Missionary Farewell Talk, 21 June 2015
Happy Father’s Day!
Every month there are more than 100 billion searches requested on Google. Google (and Siri) have become the sources of knowledge and the bestowers of answers to every question. Even when it comes to spiritual or life questions, it seems that many have stopped asking God for direction and instead turn to their devices. Is it possible that man’s trust is shifting more and more from God our Father to Google?
One of Google’s goals is to understand your mind better than you do so that when you search, the very first answer that pops up is exactly what you want to see. Google indexes
20 billion pages a day, resourcing every possible page on the internet into its system to make sure you get the information you desire.
I had an interesting experience two years ago this week, while in Toronto with my cousin Rick Turley. We were doing research on Theodore Turley, our 3rd ggpa. Here’s what I recorded on June 19th, 2013:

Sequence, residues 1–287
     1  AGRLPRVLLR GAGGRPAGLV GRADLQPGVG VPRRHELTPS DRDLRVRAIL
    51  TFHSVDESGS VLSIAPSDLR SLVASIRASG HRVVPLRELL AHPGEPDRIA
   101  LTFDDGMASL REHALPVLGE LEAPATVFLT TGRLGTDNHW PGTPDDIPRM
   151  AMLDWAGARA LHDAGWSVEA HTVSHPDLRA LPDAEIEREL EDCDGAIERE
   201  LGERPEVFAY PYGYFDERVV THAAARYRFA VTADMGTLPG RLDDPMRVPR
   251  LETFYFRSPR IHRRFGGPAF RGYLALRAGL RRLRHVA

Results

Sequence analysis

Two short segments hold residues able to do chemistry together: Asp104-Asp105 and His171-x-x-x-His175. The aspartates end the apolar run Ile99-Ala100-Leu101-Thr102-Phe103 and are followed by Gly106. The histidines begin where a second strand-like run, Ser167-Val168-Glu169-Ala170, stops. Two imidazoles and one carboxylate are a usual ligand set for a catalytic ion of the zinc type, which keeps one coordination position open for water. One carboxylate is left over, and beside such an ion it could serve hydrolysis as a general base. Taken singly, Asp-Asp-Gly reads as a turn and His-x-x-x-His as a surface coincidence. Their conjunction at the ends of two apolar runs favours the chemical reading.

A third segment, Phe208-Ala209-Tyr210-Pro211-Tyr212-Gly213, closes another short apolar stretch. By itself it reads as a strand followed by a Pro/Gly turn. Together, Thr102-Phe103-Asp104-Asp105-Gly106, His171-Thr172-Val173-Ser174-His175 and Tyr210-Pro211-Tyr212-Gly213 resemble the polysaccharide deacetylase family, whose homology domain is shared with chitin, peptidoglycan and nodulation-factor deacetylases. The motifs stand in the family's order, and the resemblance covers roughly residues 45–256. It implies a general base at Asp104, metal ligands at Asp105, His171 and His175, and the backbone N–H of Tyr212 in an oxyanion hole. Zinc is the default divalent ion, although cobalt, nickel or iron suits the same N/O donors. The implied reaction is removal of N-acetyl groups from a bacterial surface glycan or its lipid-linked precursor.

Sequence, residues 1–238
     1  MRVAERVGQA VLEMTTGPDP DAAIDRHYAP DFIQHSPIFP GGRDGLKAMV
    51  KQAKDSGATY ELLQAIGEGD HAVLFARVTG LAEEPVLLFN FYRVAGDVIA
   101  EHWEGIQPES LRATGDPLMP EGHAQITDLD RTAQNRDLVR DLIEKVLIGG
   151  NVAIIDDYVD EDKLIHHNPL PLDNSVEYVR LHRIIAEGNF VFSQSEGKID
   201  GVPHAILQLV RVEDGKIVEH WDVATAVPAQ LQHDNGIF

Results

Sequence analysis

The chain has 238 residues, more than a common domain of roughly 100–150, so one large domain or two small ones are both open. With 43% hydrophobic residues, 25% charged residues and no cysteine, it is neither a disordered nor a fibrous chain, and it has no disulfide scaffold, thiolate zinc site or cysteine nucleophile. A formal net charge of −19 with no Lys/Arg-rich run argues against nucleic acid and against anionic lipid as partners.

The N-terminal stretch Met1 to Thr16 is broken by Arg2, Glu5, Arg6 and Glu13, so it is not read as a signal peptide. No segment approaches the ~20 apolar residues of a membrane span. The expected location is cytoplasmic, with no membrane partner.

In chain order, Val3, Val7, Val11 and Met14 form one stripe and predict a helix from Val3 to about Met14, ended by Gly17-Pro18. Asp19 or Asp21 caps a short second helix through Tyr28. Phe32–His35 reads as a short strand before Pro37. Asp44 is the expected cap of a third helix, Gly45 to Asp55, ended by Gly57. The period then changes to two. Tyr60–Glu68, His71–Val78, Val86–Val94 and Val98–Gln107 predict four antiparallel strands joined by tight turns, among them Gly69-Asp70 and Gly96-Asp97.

Our most exciting find today was a Sunday Plan, or schedule for the Methodist preachers in the Brampton Mission in Upper Canada in 1836. You’ll see Theodore Turley listed there, and where his preaching assignments are for October, November and December. We happened upon this document in an unexpected way. After several hours of cranking microfilms, looking at The Christian Guardian Newspapers, we were bug-eyed and tired and decided to take a walk from the Library, downtown to where Yonge and King Streets cross, about a mile from where we were. That’s where Theodore’s blacksmith shop was from about 1826 to about 1832. Today it’s in the heart of downtown Toronto, feeling much like NYC. We found the busy intersection there and stopped to eat PB&J sandwiches we packed this morning from the breakfast buffet at our hotel. We looked straight up at the towering skyscrapers around us and tried to imagine being there in the 1830s. We walked up and down each quadrant of the intersection, covering all of our bases (and Theodore’s) before heading back to the Library.